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Australian and Canadian mountain climbers found dead on K2

Three people have died on K2, the world’s second-highest mountain peak, so far this year

Two found dead on K2 in Pakistan

The bodies of two climbers, one from Australia and another from Canada, have been recovered from Pakistan’s K2, the second-highest mountain peak in the world.

Matthew Eakin from Sydney and Richard Cartier from Quebec had gone missing last week during their descent from Camp 2 to Camp 1. Rescuers spotted the intact and frozen bodies on Tuesday, just below Camp 1, according to The Himalayan Times.

This takes the number of recent deaths on the Pakistani peak to three, as Afghan climber Ali Akbar Sakhi also died on the K2 last week of a heart attack.

Eakin and Cartier were on an expedition with another Canadian Justin Dube-Fahmy, who was documenting their journey on social media. Dube-Fahmy has, however, not yet posted anything about the deaths.

A spokesperson from the Australian Department of Foreign Affairs and Trade said they were providing “consular assistance to the family of an Australian man who died during a climbing expedition in northern Pakistan” but didn’t confirm the identity of the climber, The Guardian reported.

Several tributes have poured in for the climbers over the past two days with many from the mountaineering communities in Australia and Canada expressing their shock.

Australian mountaineer Matthew Eakin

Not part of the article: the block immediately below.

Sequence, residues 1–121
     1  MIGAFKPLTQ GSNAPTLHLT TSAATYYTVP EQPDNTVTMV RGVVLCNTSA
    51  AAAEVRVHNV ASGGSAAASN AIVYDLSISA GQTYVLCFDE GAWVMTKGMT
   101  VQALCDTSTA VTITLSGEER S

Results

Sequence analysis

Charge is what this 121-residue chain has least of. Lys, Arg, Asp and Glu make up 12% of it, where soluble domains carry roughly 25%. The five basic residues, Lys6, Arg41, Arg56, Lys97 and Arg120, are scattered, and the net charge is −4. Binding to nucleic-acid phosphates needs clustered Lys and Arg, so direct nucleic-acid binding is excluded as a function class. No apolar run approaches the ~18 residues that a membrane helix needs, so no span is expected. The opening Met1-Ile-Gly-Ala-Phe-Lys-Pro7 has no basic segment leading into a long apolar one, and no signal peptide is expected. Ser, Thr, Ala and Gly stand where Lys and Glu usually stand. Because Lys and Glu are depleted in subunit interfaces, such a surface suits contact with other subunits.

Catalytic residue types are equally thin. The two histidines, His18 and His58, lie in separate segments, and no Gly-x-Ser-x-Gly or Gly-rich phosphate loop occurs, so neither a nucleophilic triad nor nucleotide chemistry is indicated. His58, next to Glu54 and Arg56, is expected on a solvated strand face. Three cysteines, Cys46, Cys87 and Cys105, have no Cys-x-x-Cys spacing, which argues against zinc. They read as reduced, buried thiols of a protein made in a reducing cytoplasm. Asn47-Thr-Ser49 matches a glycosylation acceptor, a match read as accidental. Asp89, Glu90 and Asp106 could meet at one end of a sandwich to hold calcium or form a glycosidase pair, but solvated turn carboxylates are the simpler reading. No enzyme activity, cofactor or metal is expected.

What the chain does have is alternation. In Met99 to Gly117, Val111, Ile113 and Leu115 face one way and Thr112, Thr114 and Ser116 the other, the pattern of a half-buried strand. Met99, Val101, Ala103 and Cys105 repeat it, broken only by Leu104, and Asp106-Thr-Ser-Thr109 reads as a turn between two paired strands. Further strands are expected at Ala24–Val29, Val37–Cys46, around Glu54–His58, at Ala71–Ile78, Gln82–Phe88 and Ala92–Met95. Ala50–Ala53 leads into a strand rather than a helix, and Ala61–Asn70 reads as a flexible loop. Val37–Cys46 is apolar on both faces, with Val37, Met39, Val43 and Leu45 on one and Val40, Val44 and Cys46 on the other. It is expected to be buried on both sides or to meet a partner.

Friends and family members of Eakin said he was an “avid adventurer” who enjoyed mountaineering, skydiving and mountain biking and had previously scaled K2 in northern Pakistan, according to 7News.

He was also the founder of Mountaineers Downunder, a social media group for like-minded adventurers to “discuss equipment, routes, trips and all great things related to mountaineering”.

Eakin’s college friend Bree Shedden said the world had lost a “beautiful soul with a megawatt smile” but was glad he died while fulfilling his “amazing dreams”.

Cartier’s family, meanwhile, said they were devastated. He was a palliative care physician from Quebec who “lived fully to the end”, they told Canada’s CTV.

The 60-year-old doctor was a father of two. His peers and friends said he was “methodical and technical” in his mountaineering.

His friend Tomas Ryan said he had been climbing with Cartier for over 20 years, “and he’s a great, fantastic person as a person and as a climbing partner”.

“It really hurts to know that he’s gone.”

Pakistan’s K2 has been called a “savage mountain” by climbers.

According to a 2021 report by the New York Times, the ratio of deaths to ascents on K2 is nearly one to six. It is considered more dangerous than Mount Everest, where the ratio of deaths to ascents is one to 34.

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